Having worked for York Archaeological Trust for two and a half years, I was keen to develop my experience with archaeological collections. A Resilience secondment with the finds department was the perfect opportunity for me. I already had lots of experience in presenting YAT’s artefacts to the general public at Jorvik but was intrigued to learn more about the process of recording, conserving and storing objects.
I spent six weeks assisting with the post-excavation process of the Roman cemetery at Newington Hotel, just outside York’s city centre. I am always fascinated to learn about new historic sites being uncovered so was thrilled to find out more about the excavation first-hand. My main role was washing, packaging and recording the vast amount of bulk finds from the site. These mostly included human bones and pottery, in addition to a smaller amount of animal bones, glass, shells and clay pipes. The human bones were incredibly broken and dispersed over the site. I soon learnt that their damage was a result of the area being heavily ploughed over the last few hundred years and nothing to do with any injuries sustained during their lifetime. Some of the smaller bone fragments were also charred as a consequence of cremation. Dealing with so many bones was a fantastic opportunity to learn more about the human skeleton, which as a historian I had had no knowledge of since my school days! I also became apt at distinguishing between human and animal bones by their colour, shape and texture which has already proved helpful when leading tours at Dig: An Archaeological Adventure. The pottery was similarly shattered into small pieces but it was interesting to see a range of pottery sherds, ranging from plain Roman pottery to blue and white painted Victorian pottery in the same contexts. On one occasion when washing finds I was delighted to find a sherd of pottery with a line of red paint on it.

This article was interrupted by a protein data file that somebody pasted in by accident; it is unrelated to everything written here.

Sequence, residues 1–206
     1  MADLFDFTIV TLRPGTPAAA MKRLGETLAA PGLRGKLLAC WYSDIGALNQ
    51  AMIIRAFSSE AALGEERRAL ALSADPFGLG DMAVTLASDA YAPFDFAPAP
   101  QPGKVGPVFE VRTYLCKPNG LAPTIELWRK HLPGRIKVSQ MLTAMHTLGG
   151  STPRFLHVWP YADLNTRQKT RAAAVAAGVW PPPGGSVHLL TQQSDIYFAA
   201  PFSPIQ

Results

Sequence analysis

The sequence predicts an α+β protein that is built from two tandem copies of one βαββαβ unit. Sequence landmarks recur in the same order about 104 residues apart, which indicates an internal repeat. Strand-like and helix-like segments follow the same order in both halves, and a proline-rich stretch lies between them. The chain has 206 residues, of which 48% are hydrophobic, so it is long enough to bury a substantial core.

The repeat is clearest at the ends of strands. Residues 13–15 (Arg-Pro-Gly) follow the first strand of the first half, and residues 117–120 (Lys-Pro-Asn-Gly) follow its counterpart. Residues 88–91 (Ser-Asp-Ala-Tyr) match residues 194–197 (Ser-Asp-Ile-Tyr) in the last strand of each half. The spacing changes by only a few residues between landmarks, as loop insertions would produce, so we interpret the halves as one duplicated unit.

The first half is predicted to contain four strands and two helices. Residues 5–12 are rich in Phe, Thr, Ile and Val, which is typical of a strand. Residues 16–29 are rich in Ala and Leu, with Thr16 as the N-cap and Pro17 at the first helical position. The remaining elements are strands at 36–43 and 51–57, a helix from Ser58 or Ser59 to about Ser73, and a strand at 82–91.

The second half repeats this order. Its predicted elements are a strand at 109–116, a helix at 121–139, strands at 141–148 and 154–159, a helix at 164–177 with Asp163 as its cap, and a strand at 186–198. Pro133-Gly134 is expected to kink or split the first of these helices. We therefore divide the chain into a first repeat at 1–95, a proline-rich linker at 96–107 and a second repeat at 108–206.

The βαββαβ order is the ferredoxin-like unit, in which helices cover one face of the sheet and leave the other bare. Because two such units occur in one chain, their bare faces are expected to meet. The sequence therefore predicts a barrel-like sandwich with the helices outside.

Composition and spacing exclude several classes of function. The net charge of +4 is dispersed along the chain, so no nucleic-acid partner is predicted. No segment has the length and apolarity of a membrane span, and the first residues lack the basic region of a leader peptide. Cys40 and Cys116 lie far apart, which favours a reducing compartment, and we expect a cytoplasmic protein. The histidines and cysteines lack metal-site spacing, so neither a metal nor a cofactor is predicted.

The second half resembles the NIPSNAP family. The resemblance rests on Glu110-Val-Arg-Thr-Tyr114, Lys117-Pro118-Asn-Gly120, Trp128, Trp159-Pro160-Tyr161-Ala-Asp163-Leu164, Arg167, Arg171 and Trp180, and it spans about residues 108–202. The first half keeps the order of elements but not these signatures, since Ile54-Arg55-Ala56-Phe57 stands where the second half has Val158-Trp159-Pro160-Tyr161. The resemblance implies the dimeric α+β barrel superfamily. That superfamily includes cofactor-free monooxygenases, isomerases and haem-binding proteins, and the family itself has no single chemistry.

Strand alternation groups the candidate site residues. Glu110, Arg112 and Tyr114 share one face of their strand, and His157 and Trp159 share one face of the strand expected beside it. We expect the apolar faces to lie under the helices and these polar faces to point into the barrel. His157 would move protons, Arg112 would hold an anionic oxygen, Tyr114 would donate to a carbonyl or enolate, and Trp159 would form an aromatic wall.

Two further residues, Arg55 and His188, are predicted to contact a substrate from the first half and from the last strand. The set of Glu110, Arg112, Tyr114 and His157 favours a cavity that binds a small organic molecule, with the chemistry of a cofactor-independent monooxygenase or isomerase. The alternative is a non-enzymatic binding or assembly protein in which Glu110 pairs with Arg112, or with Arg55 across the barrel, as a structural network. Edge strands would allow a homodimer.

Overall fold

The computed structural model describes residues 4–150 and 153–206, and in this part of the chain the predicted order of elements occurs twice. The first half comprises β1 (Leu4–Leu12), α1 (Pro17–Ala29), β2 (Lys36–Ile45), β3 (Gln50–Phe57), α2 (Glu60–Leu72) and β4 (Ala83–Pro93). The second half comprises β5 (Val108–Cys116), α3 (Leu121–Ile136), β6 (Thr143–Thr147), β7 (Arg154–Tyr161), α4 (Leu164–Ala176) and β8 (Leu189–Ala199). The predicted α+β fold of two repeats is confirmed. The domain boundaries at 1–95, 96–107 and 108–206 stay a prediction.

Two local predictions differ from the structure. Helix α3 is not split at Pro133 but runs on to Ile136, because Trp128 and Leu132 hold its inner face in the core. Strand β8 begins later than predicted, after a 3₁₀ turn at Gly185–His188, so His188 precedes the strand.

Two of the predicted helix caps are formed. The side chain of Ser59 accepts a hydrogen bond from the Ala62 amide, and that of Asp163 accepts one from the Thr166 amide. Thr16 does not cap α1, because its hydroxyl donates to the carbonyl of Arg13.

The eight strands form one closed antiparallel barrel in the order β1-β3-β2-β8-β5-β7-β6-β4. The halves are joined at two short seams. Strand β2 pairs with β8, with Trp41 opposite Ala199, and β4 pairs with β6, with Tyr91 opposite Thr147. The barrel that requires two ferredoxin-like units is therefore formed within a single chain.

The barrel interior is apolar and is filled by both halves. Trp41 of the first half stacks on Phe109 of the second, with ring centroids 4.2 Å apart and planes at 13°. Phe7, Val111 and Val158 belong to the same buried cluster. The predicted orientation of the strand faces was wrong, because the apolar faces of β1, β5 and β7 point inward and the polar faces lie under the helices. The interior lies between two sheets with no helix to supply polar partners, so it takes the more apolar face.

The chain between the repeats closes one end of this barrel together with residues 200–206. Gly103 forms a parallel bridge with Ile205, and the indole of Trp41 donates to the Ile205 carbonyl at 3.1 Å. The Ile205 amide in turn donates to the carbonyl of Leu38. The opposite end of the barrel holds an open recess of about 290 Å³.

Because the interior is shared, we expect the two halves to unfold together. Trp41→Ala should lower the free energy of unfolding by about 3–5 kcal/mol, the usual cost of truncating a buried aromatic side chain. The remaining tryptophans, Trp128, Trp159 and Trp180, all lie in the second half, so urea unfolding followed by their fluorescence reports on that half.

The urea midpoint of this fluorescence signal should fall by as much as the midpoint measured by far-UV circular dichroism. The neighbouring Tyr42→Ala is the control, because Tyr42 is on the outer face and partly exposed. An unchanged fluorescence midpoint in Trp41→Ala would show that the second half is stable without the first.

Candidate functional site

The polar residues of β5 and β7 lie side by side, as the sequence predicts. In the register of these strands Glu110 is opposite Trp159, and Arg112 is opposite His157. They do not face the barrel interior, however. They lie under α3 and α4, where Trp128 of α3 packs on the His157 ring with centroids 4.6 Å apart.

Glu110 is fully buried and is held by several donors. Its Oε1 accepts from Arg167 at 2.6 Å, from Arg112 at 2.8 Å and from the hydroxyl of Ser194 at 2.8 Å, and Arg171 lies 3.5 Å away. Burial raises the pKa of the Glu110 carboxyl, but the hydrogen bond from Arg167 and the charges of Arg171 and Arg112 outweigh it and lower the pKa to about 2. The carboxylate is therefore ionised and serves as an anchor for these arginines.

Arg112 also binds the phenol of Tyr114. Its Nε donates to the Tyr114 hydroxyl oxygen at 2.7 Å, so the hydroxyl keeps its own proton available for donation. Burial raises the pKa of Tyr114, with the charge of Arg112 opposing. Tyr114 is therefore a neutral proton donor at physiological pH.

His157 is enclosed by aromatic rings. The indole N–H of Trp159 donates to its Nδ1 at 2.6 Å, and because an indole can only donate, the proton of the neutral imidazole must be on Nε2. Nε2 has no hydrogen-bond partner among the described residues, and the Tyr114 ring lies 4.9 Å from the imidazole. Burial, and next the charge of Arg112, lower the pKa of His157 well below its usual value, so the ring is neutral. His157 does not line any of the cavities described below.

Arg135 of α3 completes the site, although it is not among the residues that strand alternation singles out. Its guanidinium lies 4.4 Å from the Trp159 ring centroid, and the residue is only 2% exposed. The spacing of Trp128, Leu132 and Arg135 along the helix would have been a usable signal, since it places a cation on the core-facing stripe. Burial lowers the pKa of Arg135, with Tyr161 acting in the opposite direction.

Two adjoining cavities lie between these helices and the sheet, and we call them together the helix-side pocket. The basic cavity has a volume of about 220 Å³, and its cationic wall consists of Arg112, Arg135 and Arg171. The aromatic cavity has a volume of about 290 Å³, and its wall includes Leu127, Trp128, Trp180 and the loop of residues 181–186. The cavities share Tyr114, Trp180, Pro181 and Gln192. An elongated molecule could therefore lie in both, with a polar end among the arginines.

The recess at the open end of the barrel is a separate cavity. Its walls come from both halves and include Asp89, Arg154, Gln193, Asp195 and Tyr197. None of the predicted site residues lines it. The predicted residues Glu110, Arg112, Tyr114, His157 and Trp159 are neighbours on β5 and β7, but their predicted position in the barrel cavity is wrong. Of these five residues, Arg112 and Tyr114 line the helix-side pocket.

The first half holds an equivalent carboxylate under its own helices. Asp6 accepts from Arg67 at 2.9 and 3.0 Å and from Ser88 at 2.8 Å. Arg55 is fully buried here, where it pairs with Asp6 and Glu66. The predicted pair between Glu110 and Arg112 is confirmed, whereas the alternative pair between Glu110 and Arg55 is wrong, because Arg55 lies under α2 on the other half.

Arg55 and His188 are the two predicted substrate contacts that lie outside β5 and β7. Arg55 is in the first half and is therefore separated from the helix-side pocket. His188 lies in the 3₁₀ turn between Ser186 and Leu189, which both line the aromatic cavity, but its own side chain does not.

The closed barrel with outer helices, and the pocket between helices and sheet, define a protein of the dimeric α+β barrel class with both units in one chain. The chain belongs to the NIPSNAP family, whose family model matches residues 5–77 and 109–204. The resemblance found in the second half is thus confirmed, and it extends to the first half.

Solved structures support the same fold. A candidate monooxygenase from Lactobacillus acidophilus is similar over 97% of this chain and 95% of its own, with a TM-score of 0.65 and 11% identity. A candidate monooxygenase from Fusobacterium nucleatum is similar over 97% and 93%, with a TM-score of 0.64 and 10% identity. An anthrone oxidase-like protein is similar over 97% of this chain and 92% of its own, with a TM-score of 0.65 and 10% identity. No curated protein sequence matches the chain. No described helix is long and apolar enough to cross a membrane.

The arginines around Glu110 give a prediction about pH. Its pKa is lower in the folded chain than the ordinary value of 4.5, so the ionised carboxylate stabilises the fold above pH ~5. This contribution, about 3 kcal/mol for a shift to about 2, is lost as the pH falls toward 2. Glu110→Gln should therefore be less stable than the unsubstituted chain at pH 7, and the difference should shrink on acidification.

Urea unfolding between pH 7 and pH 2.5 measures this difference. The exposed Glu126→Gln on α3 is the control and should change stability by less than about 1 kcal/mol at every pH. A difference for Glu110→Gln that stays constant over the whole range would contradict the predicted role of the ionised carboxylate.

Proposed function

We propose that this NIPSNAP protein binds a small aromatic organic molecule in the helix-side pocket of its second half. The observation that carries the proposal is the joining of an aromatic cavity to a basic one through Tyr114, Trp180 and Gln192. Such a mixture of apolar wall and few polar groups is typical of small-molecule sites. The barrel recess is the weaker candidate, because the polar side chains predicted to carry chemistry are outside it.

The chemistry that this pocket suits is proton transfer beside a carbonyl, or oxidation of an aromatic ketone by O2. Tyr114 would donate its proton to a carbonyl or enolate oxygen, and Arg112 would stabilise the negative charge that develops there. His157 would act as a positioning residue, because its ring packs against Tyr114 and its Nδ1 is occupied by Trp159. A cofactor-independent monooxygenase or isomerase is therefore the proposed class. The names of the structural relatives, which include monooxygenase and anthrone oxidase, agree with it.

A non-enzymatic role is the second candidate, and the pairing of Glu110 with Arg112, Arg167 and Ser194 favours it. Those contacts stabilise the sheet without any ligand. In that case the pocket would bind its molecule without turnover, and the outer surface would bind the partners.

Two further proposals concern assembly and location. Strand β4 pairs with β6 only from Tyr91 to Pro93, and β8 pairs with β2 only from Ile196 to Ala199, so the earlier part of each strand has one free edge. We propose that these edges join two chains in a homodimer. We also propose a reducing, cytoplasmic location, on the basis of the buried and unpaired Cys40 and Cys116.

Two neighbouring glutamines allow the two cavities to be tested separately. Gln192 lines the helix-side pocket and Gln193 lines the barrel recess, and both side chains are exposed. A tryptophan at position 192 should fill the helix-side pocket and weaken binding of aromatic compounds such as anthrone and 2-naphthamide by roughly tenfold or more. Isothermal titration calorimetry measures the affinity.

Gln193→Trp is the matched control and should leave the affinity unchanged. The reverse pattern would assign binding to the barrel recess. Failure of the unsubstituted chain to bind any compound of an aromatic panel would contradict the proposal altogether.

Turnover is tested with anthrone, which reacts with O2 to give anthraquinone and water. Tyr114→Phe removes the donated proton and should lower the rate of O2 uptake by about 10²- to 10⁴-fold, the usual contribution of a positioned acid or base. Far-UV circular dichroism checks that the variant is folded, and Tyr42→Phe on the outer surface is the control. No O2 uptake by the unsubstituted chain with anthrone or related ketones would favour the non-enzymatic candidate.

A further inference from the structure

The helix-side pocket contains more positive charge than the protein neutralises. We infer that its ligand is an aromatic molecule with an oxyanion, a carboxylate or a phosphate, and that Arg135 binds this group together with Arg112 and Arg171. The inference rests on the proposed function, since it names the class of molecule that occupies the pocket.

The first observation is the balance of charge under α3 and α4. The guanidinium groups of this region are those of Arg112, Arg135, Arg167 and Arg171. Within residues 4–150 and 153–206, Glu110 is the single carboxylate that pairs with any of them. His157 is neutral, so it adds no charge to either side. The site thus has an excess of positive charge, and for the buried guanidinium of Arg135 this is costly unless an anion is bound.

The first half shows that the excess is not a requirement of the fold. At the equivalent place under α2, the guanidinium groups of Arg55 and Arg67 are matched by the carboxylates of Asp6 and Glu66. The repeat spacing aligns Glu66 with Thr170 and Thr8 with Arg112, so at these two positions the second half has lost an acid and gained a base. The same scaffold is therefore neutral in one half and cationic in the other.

I soon became accustomed to the process of washing the bulk and packaging that which was dry with the correct information on the bags and the Tyvek labels. I also learnt how to accurately enter information onto the Collections database in the Trust’s Integrated Archaeological Database (IADB). In amongst the bulk there were also numerous iron nails which, after being left to dry out, were packaged as small finds with foam sheets with the humidity controlled by silica gel. These loose nails were assumed to be from the coffins of the occupants of the cemetery and I was interested to learn from the archaeologists that many were found stuck in the ground forming the outline of a coffin, often with the skeleton enclosed. When packaging these I thus had to ensure that they were kept in the right order and that this was accurately conveyed onto IADB along with their measurements. Other small finds from the cemetery at Newington Hotel included several intact clay vessels, which may contain cremations, two coins found in different skulls and a beautiful jet pin.
Another of my roles during my secondment was washing and packaging the skeletons from the site. Cleaning the skulls in particular required a great deal of patience and persistence – and it did feel strange to be carefully scooping soil out of a real human skull with a dessert spoon and cleaning its teeth with a toothbrush! Once dry after washing, it was crucial to ensure that the different types of bones were packaged separately and accurately labelled. Several of the skeletons were far from complete, often missing entire skulls, not to mention fingers, toes and other smaller bones. They were also a range of sizes as we identified the bones of individuals who were undoubtedly tall and well built, contrasting sadly with the tiny bones of infants.
My time based in the finds department at Aldwark allowed me to work alongside the other members of staff based there and volunteers who were all encouraging and keen to share their expertise. I am grateful for this wonderful opportunity to engage with another side of YAT’s work and to contribute to such an exciting project.